Money Further is reader-supported. When you buy through links on our site, we may earn an affiliate commission at no cost to you.
Today we’re going to look at the differences between two retirement plans: 401a vs 401k.
These two retirement plans have some similarities, and yet a few key variations that make a substantial difference in what you can and can’t do with them.
We’ll start with a brief overview of the core differences between a 401(k) vs 401(a), then go more in-depth on both, including contribution limits and other “hidden” perks the 401(a) offers. (Hint the difference could mean $114,000 per year)
Let’s get going.
401a Vs 401k
While they both get their names from IRS code 401, the main difference lies in what types of employers offer them.
You can’t get a 401(a) plan in the private sector (typical forprofit company jobs). And there are a few additional rules that vary, such as contribution limits, other investment options, opt-in vs. mandated participation et cetera.
We’ll go a bit more in-depth below.
401(a) plans are typically offered by nonprofit and government employers, whereas 401(k) plans are often from the private or individual sector.
401(a) plans are regularly used as an incentive to keep employees longterm, which is why you’ll notice below that they offer generous benefits and very high contribution limits.
A unique attribute of 401(a) plans is that they often require participation for employees, unlike 401(k) plans that are optional and must be opted-in. And similarly, some that mandate participation also requires the employer to contribute a portion of that contribution on their end.
There are some versions that participation is not mandated, and in those varieties you’ll have one chance, in the beginning, to set up and choose what percentage of your income you’d like to allocate to investments or to not contribute at all.
If you can at all swing it, you want to choose the maximum amount because you won’t be able to change it later… even if you chose not to invest at all. You’re locked in.
The last option is rarer and allows you to contribute after-tax money, as well as the flexibility to change percentages of income you invest— you can start, stop, increase or decrease like a 401(k) plan. In this 401(a) plan variation when you go to withdraw in retirement, only the gains or growth are taxed, not the principal investment.
What’s great about 401(a) plans is that they typically do not inhibit you from participating in other retirement plans like a 401(k) or 403(b)— whichever your company may offer.
In fact, depending on where you work, you may have the added benefit of being able to participate in a 403(b) (tax-sheltered annuity plan) and a 457(b) (deferred compensation plan).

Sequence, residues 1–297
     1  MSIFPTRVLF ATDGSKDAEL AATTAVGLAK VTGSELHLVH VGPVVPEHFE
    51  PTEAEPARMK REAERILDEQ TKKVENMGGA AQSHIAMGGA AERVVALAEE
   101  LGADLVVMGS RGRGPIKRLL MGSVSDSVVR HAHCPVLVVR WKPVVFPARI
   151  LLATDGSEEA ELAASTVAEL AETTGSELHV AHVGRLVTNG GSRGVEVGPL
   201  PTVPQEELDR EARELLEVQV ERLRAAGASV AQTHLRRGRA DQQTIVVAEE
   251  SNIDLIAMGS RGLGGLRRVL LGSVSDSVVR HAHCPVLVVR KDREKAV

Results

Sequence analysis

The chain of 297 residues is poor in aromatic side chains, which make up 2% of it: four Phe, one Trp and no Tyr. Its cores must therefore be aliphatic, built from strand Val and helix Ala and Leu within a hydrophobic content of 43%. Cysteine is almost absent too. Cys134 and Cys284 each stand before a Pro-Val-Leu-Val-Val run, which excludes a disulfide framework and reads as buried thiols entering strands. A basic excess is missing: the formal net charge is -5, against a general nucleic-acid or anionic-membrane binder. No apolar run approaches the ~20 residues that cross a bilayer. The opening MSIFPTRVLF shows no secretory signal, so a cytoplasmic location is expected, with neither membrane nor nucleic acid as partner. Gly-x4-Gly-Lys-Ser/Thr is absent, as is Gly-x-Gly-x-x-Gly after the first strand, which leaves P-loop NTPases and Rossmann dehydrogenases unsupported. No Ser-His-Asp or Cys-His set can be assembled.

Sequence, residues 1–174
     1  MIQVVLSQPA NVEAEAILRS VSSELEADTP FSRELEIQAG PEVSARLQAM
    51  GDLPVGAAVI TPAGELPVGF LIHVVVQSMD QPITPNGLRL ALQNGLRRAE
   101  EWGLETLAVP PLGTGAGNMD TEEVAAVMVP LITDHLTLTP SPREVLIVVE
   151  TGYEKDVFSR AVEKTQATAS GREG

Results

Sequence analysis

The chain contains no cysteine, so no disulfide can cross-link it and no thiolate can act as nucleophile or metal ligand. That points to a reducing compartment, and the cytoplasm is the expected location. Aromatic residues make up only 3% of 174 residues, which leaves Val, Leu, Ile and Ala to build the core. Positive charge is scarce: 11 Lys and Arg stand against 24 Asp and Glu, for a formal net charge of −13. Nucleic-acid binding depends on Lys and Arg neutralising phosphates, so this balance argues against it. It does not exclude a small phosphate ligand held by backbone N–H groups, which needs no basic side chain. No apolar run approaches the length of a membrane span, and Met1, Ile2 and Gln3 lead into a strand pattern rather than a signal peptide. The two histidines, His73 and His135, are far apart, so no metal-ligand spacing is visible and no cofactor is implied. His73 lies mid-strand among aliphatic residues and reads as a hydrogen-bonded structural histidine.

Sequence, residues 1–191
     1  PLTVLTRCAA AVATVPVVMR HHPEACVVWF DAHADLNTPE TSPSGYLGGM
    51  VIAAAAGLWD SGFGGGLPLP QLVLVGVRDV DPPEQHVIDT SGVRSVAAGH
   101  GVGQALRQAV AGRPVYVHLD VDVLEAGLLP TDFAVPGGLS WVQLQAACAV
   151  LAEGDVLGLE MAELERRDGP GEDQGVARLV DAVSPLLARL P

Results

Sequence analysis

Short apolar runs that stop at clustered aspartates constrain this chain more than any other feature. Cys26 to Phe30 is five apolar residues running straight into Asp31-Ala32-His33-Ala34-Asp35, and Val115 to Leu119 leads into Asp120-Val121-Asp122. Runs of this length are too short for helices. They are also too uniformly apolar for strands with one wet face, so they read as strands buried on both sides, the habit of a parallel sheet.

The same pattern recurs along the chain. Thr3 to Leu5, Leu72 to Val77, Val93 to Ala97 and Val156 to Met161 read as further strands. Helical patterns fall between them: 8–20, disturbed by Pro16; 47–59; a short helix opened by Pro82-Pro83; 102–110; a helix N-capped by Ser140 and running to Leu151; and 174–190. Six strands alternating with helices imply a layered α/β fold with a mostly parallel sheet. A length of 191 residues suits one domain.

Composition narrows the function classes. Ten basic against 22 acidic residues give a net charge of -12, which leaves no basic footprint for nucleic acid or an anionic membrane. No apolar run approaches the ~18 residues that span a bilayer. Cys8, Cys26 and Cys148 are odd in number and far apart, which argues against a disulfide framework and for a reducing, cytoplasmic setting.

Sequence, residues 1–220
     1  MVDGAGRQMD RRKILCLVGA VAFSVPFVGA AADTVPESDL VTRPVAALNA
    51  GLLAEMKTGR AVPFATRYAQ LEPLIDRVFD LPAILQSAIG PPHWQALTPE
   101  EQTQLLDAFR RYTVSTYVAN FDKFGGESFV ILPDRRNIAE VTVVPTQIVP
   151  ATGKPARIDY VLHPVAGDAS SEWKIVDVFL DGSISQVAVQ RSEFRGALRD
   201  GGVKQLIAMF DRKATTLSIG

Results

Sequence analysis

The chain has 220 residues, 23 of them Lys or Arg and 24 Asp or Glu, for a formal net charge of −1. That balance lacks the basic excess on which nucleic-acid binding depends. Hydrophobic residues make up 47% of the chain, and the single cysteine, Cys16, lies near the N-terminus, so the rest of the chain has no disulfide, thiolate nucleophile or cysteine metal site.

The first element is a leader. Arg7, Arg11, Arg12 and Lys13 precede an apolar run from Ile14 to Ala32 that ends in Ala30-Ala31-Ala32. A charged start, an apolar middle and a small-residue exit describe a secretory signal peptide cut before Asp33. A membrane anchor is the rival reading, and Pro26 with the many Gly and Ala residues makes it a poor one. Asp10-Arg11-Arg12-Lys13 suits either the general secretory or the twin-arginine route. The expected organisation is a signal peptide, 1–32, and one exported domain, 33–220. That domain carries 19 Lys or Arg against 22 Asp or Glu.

If you’re one of the lucky ones with this “hidden perk”, you’d be able to contribute $133,500 each year into these plans alone. That is a substantial retirement benefit that few have the option of.
And that means you would be able to contribute $114,000 per year more than someone who only had a 401(k) plan.
That could be worth many millions more in your retirement account over 30-40 years.
401(a) Plan Contribution Limits
Here’s how those contributions limits break-down:
401(a) Contribution Limit: $57,000 in 2020
403(b) Contribution Limt: $57,000 in 2020 (Could be $19,500 depending on your options)
457(b) Contribution Limit: $19,500 in 2020
Whereas 401(a) plans are offered by government and nonprofit sectors, 401(k) plans are offered traditionally in the private-sector. That’s the greatest differentiating factor, but there are a few more.
401(k) plans are not mandated, like most 401(a) plans are— instead, they are optional to opt-in. Many companies will offer a company match that pays in “free” money to match what you put in up to a certain limit (usually around 4-6%).
Most 401(k) plan contributions are made with your pre-tax earnings which give you a tax deduction up front for the year instead of the more rare Roth 401(k) where your contributions are made with after-tax dollars that give you no tax benefits upfront.
Instead, withdrawals from a Roth 401(k) after age 59 and a half are generally not taxed, whereas traditional 401(k) withdrawals are taxed as normal income.
401(k) Plan Contribution Limits
401(k) Contribution Limit: $19,500 in 2020.
There is also a catch-up limit of $6,500 for employees over the age of 50 which equals $26,000 in total in 2020.
For almost everyone, these retirement accounts are excellent options that are worth taking advantage of.
Whether you’re employed in a government or nonprofit sector that offers 401(a) and possibly 457(b) or 403(b) or from the private sector with 401(k)s as your option, they are almost always worth participating in as much as makes financial sense to your overall plan and income level.
If you have the option, just get started! The earlier you invest, the better.
What If My Job Doesn’t Offer Either?
You can easily setup your own Traditional or Roth IRA at M1 Finance.
Don’t miss out on the huge tax benefits.
You’ll be glad you started Today.